Scents of Place with perfumer SONDRINE KEHOE

Scents of Place with perfumer SONDRINE KEHOE

   W.P.S.C: When I walk up to the high point of Shoreham beach that overlooks the surf breaks 'Little Noosa' and the main beach by the carpark 'The Pines,' the first thing I do is draw in a deep breath of fresh air.
The Pines, the sentinels of the point, look right out over Warn Marin/Western Port Bay, way past Summerlands over on Phillip Island, out, out to the wild Bass Strait. 

I am always arrested by the mix of salt air, cypress, eucalyptus, pine needles covering damp soil and of course the Pinus Radiata themselves. Sometimes there is a hint of fragrance, sweet pittosporum perhaps.

Our sense of smell according to Candace Wooten from the Anatomy of Olfactory Nerves, "detects odorous substances aerosolised in the environment" heightening our awareness to the moment.



At the pines I am immediately present. When I take in that breath and open my lungs, all of the benefits of salt air begin to manifest. I am calmed, relaxed even, my energy is improved, my serotonin levels become balanced.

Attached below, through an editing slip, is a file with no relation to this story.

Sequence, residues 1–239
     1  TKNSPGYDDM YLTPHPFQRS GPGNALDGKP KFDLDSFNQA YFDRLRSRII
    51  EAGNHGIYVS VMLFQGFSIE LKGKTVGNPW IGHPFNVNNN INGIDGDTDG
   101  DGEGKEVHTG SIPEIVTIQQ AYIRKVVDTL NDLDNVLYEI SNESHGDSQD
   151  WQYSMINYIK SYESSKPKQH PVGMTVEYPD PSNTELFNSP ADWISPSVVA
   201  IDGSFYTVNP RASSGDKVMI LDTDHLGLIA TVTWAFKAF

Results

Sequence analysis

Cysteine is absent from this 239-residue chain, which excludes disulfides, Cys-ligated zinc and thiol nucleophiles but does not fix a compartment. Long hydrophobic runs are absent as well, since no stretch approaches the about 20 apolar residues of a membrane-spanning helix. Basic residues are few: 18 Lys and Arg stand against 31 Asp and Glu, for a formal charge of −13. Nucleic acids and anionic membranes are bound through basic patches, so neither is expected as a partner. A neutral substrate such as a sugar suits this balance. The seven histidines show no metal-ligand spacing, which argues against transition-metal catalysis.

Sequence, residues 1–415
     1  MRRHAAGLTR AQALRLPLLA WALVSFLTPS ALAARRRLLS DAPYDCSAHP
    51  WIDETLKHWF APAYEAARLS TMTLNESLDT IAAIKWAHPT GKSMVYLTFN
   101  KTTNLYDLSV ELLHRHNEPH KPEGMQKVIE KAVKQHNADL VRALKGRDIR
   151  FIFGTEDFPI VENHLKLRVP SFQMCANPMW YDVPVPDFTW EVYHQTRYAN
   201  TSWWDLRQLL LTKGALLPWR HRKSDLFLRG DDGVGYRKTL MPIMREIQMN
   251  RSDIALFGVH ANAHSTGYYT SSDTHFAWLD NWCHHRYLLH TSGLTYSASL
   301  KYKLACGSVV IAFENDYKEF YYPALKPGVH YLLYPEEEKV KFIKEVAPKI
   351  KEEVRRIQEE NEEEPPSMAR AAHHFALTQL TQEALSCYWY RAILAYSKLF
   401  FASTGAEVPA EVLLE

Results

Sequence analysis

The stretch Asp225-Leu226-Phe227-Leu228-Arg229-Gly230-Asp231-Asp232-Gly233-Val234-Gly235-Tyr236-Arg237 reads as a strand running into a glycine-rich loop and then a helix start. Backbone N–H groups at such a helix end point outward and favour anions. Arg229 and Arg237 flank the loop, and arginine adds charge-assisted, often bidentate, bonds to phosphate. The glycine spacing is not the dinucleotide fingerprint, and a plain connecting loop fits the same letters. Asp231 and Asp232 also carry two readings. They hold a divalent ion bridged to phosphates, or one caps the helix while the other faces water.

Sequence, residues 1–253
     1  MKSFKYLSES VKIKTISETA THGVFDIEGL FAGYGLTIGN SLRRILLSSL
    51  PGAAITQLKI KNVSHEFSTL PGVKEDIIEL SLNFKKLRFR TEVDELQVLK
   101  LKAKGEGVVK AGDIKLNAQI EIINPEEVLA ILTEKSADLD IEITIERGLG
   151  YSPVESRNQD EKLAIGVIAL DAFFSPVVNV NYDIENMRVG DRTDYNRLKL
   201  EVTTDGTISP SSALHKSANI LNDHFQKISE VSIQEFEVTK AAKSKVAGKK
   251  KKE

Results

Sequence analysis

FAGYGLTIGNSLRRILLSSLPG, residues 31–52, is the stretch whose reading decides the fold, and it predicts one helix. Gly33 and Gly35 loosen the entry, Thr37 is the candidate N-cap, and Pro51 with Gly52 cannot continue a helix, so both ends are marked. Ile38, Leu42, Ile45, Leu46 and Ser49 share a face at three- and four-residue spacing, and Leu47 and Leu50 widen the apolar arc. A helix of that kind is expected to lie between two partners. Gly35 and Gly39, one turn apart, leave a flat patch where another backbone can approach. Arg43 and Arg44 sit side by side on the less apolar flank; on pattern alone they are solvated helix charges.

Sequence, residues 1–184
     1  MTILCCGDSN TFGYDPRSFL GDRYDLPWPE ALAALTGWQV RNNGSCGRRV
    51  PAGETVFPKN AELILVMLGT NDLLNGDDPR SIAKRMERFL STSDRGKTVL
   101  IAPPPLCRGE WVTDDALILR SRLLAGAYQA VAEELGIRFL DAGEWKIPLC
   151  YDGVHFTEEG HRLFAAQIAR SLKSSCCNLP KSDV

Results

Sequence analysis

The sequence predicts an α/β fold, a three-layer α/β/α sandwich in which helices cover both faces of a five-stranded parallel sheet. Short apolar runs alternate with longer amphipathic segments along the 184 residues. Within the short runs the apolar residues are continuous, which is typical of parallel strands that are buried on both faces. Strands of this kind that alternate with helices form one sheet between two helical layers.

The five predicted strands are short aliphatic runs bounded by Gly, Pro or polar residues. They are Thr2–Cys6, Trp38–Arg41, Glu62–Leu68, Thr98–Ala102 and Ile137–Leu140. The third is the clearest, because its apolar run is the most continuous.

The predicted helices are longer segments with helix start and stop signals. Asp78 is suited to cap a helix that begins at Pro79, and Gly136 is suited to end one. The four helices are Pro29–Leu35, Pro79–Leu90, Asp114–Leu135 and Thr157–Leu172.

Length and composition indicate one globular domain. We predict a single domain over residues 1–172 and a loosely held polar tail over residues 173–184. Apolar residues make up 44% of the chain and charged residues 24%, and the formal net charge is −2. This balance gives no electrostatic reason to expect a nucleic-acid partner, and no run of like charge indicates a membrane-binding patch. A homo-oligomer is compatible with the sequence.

Another breath and the oil from the pine infuses with the air, I feel concentrated and clear equally.  It's primeval, I know I am safe and truly alive.  

Oh! to bottle those moments.   


Sondrine Kehoe is a Perfumer and founder of Cygnet Perfumery. Her work  combines artistry, intuition and alchemy. 

We here at W.P.S.C listened recently to the podcast series  'Articles of Interest'. In 'Perfume' (Series 2 - Episode 9 ) host Avery Trufelman says, "so much about learning to smell is learning  how to describe smells"...  We wanted to talk to Sondrine about creating a scent of place and indeed bottling it! 


W.P.S.C: Welcome Sondrine. What do you think about Avery Trufelman's comment about learning to smell being aligned with learning how to describe smells?

S.K: I love it and absolutely agree. We often don’t credit ourselves for how wonderful our ability to smell is; it’s a neglected sense that we seem to think is in the domain of dogs and wild beasts.

However, studies show our sense of smell is far superior to what we give ourselves credit for, with new research proposing humans can distinguish more than 1 trillion scents! This is far greater than the number of colours or tones we can detect - yet the number of words to describe scent in the English language is so limited.

We often rely on describing words of other senses to describe smell eg. “Green” “Spicy” “Sweet”. Or, we just use the name of a source itself eg. “Rose”, “Citrus”, “Marine”.